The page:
Facebook. Who would’a thought.

Against my better judgment I have created a Facebook account. Sometimes I do these things just to see how they work. As I moved about the office I would see people interrupting their normal procrastinating web surfing with long visits to Facebook.

For anyone still reading this who doesn’t know what Facebook is I’ll provide a quick intro. It is an online social networking service that allows you to post up a picture of yourself and a simple profile. You then look for other people’s profiles that you know and then invite them to be friends. Simple… to begin with, but then the links form into networks. Within these networks information is shared and that is where it starts to get interesting…..

So now just watching my own Facebook profile I get a stream of the interesting, the creative, the playful, and (more often than not) the completely inane. It is strangely addictive, but already I have been linked to a couple of people that I have barely spoken to since leaving high school. And it felt good.

That seems to be part of the draw of these types of sites. It is not the silly little messages that appear all day, but the small smile that creeps onto my face when I read them and the tiny inspiration that I get when I see beauty in another’s photos. It is the micro emotional connections that they offer that somehow bring people together that I like.

The inspiration is to do it more in the offline world as well.

Who do You Trust?


In the context of providing a strong authentication solution the concept of a Federated Digital Identity is often mentioned. This essay seeks to explore this concept to review and challenge the benefits that ‘Federation’ of digital identity management can provide.

However before discussion Federation the concepts of a Digital Identity and even Identity itself will be briefly discussed.

Read more

Identity Blog Comment

Yesterday I respondeed to Kim Cameron’s Identity Blog posting titled INTERVIEW ON OPENNESS AND PRIVACY, discussing an interview between Bill Gates and the Financial Times. I just wanted to get my comment up here in case Kim never authorises it on his site. He may not trust me.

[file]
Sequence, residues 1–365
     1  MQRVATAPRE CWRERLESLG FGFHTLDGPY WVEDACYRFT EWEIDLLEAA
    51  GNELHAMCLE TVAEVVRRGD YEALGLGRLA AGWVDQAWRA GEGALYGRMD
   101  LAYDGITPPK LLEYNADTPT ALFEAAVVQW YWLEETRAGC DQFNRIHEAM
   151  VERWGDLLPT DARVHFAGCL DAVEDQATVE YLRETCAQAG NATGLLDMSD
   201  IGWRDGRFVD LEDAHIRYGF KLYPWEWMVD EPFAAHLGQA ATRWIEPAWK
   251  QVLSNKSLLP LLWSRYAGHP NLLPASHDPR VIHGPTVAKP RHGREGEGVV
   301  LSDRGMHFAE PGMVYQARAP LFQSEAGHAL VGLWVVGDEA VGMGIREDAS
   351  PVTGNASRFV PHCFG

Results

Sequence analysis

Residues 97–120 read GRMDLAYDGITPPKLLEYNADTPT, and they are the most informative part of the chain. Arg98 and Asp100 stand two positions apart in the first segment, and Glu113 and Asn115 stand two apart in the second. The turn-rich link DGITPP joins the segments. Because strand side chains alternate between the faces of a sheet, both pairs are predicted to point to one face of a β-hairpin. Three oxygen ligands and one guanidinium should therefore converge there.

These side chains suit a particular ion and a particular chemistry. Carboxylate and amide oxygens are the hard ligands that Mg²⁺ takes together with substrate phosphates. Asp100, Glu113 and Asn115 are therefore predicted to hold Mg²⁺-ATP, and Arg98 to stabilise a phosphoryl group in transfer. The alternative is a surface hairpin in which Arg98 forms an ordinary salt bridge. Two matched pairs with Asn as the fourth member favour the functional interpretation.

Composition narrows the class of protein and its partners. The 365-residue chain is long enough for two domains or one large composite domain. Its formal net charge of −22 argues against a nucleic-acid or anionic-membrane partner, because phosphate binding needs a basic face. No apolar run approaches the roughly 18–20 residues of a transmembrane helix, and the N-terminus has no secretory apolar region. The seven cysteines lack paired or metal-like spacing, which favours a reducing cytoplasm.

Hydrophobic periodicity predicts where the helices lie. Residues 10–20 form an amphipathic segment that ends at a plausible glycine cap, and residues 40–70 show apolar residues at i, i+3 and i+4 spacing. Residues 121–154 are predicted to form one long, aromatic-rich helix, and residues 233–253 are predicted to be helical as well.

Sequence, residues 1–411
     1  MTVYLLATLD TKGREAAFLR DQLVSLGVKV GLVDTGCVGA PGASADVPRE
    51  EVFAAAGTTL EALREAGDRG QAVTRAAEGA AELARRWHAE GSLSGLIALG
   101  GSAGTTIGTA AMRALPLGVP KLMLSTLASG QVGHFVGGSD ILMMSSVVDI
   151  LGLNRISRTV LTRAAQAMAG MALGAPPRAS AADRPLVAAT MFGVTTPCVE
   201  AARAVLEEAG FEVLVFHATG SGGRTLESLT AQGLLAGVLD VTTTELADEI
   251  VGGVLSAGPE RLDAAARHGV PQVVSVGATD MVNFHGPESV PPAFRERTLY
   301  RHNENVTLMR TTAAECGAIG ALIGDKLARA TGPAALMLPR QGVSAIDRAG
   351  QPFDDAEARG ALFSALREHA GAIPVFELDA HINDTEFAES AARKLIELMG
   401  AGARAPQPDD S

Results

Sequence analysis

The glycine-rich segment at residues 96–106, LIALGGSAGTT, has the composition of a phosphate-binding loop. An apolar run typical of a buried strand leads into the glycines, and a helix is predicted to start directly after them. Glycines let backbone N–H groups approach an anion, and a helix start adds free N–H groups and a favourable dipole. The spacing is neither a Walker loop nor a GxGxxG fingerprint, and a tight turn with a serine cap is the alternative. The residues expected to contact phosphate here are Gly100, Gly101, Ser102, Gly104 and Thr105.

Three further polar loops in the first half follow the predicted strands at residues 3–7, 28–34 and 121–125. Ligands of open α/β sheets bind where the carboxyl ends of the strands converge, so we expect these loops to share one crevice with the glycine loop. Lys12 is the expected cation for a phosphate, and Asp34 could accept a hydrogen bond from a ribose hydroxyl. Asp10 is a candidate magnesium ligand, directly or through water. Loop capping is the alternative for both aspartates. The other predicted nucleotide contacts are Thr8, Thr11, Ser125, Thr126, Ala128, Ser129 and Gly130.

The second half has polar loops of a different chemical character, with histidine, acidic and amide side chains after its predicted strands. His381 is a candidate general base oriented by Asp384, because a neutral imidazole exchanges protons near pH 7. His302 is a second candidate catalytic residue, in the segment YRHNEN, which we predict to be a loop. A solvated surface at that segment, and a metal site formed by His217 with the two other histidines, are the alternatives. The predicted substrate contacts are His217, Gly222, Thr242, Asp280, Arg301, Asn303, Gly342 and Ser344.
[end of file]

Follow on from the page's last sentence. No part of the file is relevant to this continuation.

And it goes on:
Bill Gates: “That’s called federation, where we take their trust statement and we accept it, within a certain scope. So they don’t have to get another user account password. There’s no central node in this thing at all, there never can be. Banks are a key part of it, governments can be part of it. The US, probably not as much.”

This statement highlights the number one problem that a federated identity system is going to face – the federation of trust. Compared to the problem of trusting ‘trust’ identity management is a piece of cake. Yet the discussion continually seems to revolve around the sharing of identity secrets, but it is the trust of the owners of the identity secrets that is the greatest challenge. It is fairly clear that in the world today trust is an expensive commodity that is not easily transferable.

I believe that there needs to be a way of abstracting this trust problem to one or more (competing?) third parties. The question is ‘who do you trust’?

Identity Blogging

It is time to get this site going about more than just my ‘idle’ mumblings and out of date running updates. There is a topic of conversation that my career has revolved around like a satellite around a planet. It is the story of online identities and their use and misuse.

For me this has appeared in projects where two ISP businesses have brought their customers under one organisation and these customers do not have unique username to identify them selves to the new ISP. What! Two “Fred”s! Will the real “Fred” please step forward? Hmm, if only it was that simple. In the late ’90 when ISP’s and online portals were coming together this happened time and again, and it was always messy.

At around the same time the ‘kiddies’ got their hands on software that would allow them to steal passwords from customers in the school holidays. So now usernames and passwords are under siege. A single stolen password could be reused by the baddies over and over again without recourse.

Then spam came along and polluted the one personal identifier that the whole internet had agreed from the outset would be unique. Bugga. Stopping spam and protecting mailboxes became another major project. Without a way of identifying who the hell sent the spam in the first place, or even being sure who sent what looks like the good email, then all manner of arcane solutions had to be employed.

By now the ‘kiddies’ have grown up and are selling their password stealing skills to the spammers who are selling their spam networks to real criminals, who don’t want you email. They want your bank account. Enter the rise and rise of ‘phishing’.

So now I am looking at ways of improving on the humble static password. When was the last time you changed yours? Are you sure nobody else knows it?

All of these things tie right back to ‘identity’ (as the industry insists on calling it). Who am I? Who are you? And how do we prove it to each other in such a way that it doesn’t get in the way of what we were trying to do in the first place.

I want to talk about this here because there is a lot in this idle mind that I need to get out. I know this stuff and I hear some of the biggest names in many different industries grappling with the same problems and, in my opinion, in quite misdirected ways. This surge of blog energy was inspired by an interview with Kim Cameron on Microsoft’s Channel 9. I get frustrated because i believe that they are trying to solve the wrong problem, and as a result won’t get the outcome they are seeking.